Aerial Footage Makes Remote Locales Look Like Other Planets
Squint and these drone-shot vistas could easily be Mars.
Factory Butte, Caineville, UT. Images courtesy the artist
The most remote reaches of the American West are barren, deserted, and beautiful. Exploring the deserts of Utah, New Mexico, and Arizona, photographer Reuben Wu captures the strange behavior of these remote landscapes from on high in a new drone video and photo series called Human + Solo, premiering today on The Creators Project.
Wu traveled with a crew—including his wife, a buddy named Cody Cobb, and a semi-automated 3DR Solo drone—to find bizarre natural phenomena like the Raplee Anticline or man-made miracles like Robert Smithson's Spiral Jetty. Wu managed some incredible shots, partly because the drone's interface allowed Wu to plot courses and issue commands, rather than the standard joystick-style remote controls.
One of the locations Wu visited is called the Mars Desert Research Station, in Hanksville, UT. If the skies weren't blue, Wu's footage would look like B-roll from The Martian. Capturing it from the drone left him floored. "I'd feel completely insignificant within the world, but also compltetely in awe of the grandeur of nature," he tells The Creators Project.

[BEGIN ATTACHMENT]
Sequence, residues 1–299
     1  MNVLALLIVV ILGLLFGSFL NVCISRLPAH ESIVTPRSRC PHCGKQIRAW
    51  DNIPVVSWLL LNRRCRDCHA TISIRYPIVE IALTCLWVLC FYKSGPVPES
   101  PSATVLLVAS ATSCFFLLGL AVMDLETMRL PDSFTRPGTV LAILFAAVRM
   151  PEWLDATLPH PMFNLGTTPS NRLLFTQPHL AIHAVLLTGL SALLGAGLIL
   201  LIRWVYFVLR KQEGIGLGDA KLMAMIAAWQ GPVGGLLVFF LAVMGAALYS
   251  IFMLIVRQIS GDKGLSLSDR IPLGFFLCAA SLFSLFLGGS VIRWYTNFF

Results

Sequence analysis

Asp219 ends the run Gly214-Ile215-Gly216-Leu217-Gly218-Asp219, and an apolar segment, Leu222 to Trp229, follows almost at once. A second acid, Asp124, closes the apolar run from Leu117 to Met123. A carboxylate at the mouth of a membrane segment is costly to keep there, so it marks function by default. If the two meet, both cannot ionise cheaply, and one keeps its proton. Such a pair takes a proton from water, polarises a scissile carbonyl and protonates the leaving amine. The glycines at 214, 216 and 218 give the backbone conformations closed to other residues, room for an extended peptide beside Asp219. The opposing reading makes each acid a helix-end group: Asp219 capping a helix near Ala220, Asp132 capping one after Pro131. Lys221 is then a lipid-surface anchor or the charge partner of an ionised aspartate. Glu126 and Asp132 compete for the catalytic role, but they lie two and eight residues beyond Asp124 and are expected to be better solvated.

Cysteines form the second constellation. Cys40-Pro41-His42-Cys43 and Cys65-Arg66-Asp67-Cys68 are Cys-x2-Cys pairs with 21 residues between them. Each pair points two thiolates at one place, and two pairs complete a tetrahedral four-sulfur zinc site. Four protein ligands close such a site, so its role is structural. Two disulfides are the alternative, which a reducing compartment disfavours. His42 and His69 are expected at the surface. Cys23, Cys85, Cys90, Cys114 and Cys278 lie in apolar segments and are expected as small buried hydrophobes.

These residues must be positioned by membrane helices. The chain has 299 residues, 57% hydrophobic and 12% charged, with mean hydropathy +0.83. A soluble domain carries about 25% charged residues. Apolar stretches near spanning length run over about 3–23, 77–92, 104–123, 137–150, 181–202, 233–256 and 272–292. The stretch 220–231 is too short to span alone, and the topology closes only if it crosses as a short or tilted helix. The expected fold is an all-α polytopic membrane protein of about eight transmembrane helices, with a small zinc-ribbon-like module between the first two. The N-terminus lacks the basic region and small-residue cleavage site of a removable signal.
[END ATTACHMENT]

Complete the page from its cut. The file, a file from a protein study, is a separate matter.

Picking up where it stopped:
Part of what makes these images and video so thrilling is Wu's eye for turning a simple high angle shot into something that feels truly alien, which we saw in spades throught the video he directed for SoCal rock group Xu Xu Fang's "Friend to the Unknown." "I was obsessed with space from an early age, and I feel like this kind of exploration on Earth shows how alien the landscape really is," he says. "I feel a bit sad that I probably won't be live to do this on Mars or something."
Check out Wu's images and video below.
See more of Reuben Wu's work on his website.